In my most recent post, I shared how dealers, and used vehicle managers in particular, get antsy about meeting their sales volume targets near the end of the month and discount the vehicles they understand to be the easiest to reduce. As I noted, in many cases, the vehicles are their best investments. The ones ProfitTime GPS designates as Platinum and Gold cars.
But I’ve also come to realize that the desire to meet monthly sales targets, and the practice of selling Platinum and Gold cars for less than they could or should command, isn’t limited to the end of the month. I came to the realization following several recent conversations with dealers, in one-on-one and 20 Group settings, when we examined the Days to Sell metrics for dealers’ Platinum and Gold vehicles, and where their retail sales landed within a particular month.
The analysis revealed that Platinum and Gold vehicles leave dealer inventories all the time for substantially less than the retail prices ProfitTime GPS recommends for the cars. I found that these vehicles were either priced less than their individual price recommendations or they were priced right and someone, often a manager, approved a substantial discount at the desk to sell the car.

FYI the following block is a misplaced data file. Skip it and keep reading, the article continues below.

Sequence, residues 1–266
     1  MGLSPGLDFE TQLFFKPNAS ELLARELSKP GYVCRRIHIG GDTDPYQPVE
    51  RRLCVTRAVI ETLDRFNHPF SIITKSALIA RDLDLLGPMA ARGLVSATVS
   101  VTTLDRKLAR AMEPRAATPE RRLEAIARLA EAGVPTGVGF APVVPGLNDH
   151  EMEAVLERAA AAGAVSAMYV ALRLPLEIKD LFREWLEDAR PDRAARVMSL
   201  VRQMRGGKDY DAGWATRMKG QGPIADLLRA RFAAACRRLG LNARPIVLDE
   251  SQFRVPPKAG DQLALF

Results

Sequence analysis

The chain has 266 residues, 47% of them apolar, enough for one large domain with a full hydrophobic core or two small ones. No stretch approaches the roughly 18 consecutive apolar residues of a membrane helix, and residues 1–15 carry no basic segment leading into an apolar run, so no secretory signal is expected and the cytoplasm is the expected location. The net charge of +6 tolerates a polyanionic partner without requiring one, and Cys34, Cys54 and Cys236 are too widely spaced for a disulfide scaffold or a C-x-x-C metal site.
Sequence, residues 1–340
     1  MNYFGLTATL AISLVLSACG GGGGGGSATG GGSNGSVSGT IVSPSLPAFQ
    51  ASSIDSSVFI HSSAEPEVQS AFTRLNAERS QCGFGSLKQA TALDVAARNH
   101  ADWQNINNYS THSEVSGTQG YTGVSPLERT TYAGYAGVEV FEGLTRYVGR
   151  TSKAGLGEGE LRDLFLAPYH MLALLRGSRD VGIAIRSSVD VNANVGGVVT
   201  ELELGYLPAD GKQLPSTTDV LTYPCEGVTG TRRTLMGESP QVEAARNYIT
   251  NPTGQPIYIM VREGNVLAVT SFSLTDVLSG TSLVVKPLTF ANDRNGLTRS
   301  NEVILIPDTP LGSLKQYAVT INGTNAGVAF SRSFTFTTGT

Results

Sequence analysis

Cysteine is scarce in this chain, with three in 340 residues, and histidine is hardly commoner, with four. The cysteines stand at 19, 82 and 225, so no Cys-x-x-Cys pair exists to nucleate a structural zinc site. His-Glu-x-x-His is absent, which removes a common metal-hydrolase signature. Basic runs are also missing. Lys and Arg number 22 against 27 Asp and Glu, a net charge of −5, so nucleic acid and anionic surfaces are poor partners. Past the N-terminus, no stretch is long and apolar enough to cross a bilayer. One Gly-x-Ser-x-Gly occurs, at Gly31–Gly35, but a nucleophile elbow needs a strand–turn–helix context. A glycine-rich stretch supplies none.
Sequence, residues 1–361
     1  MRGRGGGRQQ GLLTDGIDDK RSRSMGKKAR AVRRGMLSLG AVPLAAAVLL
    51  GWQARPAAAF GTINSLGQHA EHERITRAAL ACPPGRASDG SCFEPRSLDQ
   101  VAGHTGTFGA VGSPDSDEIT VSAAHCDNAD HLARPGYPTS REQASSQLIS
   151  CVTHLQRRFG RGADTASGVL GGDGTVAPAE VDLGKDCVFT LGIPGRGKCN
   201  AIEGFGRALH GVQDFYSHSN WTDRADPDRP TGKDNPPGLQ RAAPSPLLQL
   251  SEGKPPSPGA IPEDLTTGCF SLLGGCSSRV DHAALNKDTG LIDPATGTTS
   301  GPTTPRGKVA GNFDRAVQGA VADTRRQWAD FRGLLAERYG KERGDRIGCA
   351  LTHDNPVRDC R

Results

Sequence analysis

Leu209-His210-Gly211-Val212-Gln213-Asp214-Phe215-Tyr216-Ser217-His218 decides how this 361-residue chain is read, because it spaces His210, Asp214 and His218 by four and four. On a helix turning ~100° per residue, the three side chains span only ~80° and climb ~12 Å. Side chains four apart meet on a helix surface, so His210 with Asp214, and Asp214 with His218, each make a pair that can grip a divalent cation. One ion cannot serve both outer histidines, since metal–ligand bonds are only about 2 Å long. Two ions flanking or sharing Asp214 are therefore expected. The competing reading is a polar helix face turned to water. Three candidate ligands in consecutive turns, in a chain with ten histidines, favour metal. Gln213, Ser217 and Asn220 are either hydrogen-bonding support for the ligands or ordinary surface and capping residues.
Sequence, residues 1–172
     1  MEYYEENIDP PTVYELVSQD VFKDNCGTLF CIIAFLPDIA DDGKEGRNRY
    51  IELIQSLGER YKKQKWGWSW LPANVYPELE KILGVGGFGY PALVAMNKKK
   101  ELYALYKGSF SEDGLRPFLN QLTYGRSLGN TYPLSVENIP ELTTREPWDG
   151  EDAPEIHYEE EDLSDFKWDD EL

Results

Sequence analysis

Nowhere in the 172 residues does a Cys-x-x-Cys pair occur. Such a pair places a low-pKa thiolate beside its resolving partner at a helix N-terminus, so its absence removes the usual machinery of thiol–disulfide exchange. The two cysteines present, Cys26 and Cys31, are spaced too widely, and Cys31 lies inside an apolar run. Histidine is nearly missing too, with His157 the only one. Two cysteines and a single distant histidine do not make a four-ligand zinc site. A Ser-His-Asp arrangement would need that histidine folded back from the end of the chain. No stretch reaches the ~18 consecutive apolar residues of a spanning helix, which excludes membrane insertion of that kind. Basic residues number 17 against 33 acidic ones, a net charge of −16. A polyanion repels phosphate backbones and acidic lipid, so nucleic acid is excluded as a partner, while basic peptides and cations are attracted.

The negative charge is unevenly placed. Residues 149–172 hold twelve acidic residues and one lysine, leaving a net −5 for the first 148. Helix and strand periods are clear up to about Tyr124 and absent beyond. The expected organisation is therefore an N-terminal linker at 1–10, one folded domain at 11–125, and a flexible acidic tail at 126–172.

When I ask dealers and managers about the dynamic, I hear common refrains: “We don’t pass on any deal,” or “We do any deal where there’s a profit,” or “We need to roll the car.”
I understand why such decisions happen, particularly in the current market, where used vehicle sales appear to be on the wane and selling a car today seems like the right thing to do.
But I question if decisions to retail Platinum and Gold vehicles for less money really represent the right financial decisions. For example, does it really make sense to roll a Platinum or Gold car for $1,800 in front-end gross when, if you waited because you knew you could, you’ll earn the $3,000 gross data science suggests you’re likely to get?
To be clear, rolling Platinum and Gold cars for less money isn’t always wrong. There are specific circumstances and customers where this decision is the right one. However, the frequency of these deals suggests they’re more about a desire to sell a car fast because it’s easy.
Herein lies a two-tiered opportunity I’ve been recommending for dealers:
First, you need to raise awareness with managers and sales associates about the financial potential Platinum and Gold vehicles truly represent for your used vehicle department. That’ll help them express the vehicle’s true market value with customers. Remember, there’s a reason ProfitTime GPS ranks some vehicles as Platinum and Gold, and it’s due to their higher market appeal and scarcity, and how right you own them.
Second, you need to exert more in-the-moment discipline when the urge to “roll a car” arrives. Your urgency should always be higher for Silver and Bronze vehicles, rather than Platinum and Gold units, irrespective of where you stand in relation to your monthly sales volume target.
When dealers and managers consistently follow these two principles, your used vehicle sales and profit goals tend to take care of themselves, month after month.
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